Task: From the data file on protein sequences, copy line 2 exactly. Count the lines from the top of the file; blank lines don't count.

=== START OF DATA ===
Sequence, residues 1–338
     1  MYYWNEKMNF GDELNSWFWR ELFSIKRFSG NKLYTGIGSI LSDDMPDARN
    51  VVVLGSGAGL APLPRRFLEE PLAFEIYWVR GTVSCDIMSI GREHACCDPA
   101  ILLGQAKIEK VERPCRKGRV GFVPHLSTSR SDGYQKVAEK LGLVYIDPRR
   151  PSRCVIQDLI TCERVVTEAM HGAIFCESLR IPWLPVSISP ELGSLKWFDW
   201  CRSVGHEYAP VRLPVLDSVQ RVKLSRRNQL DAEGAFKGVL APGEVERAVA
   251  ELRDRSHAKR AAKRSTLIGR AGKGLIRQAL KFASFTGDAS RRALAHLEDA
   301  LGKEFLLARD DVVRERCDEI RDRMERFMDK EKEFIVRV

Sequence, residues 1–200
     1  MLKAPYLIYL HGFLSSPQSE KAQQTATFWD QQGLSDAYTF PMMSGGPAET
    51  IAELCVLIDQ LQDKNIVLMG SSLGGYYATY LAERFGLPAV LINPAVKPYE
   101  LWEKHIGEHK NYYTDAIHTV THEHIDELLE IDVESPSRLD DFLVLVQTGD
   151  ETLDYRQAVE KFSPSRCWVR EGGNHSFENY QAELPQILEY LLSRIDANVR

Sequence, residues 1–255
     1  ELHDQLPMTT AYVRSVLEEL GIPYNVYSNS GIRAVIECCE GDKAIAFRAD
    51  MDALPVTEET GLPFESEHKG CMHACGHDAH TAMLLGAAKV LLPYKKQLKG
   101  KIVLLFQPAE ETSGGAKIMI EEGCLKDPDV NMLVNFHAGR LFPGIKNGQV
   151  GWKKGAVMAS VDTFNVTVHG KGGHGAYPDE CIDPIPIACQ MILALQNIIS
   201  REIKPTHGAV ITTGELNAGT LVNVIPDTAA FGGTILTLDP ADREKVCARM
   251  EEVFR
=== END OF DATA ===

     1  MYYWNEKMNF GDELNSWFWR ELFSIKRFSG NKLYTGIGSI LSDDMPDARN